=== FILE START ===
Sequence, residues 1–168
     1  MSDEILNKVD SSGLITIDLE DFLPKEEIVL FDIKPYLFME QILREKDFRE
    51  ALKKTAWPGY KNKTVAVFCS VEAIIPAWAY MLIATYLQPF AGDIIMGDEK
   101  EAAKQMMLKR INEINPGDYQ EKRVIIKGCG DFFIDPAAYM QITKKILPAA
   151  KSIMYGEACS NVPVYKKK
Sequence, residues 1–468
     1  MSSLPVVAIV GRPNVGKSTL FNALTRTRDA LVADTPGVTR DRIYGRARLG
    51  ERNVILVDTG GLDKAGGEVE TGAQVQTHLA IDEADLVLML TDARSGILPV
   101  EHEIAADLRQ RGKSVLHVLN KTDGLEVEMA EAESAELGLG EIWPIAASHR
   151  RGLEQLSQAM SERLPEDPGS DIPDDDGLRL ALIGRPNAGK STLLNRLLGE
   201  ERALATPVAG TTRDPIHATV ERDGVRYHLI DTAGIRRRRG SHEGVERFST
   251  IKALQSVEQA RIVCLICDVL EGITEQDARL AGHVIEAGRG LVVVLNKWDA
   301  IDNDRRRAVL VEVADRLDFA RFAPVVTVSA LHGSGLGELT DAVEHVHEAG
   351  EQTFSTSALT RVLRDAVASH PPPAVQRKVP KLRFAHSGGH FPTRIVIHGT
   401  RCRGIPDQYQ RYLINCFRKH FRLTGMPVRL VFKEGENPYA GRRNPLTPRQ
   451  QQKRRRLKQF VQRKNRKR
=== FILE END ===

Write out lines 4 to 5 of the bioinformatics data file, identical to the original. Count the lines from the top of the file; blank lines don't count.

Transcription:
   101  EAAKQMMLKR INEINPGDYQ EKRVIIKGCG DFFIDPAAYM QITKKILPAA
   151  KSIMYGEACS NVPVYKKK